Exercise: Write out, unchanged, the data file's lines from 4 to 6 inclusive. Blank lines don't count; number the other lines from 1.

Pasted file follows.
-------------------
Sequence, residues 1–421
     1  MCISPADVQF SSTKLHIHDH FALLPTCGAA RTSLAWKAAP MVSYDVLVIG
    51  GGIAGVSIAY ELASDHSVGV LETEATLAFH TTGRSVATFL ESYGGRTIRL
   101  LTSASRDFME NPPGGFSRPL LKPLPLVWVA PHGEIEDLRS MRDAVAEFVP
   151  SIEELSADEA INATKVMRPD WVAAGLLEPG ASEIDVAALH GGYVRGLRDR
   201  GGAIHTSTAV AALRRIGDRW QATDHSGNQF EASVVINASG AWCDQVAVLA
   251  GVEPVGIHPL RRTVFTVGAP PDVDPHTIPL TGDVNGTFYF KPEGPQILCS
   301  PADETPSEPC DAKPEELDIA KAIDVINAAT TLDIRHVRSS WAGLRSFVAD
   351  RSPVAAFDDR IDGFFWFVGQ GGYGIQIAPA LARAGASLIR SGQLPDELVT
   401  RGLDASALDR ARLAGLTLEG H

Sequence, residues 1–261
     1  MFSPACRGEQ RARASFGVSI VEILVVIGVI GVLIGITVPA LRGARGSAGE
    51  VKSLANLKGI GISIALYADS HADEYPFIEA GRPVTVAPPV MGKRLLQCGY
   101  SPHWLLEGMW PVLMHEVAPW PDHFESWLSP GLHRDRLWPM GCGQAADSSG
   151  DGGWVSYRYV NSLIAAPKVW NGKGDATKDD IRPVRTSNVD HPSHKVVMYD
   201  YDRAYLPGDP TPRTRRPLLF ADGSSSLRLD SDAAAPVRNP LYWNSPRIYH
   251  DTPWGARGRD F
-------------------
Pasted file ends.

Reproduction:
   101  LTSASRDFME NPPGGFSRPL LKPLPLVWVA PHGEIEDLRS MRDAVAEFVP
   151  SIEELSADEA INATKVMRPD WVAAGLLEPG ASEIDVAALH GGYVRGLRDR
   201  GGAIHTSTAV AALRRIGDRW QATDHSGNQF EASVVINASG AWCDQVAVLA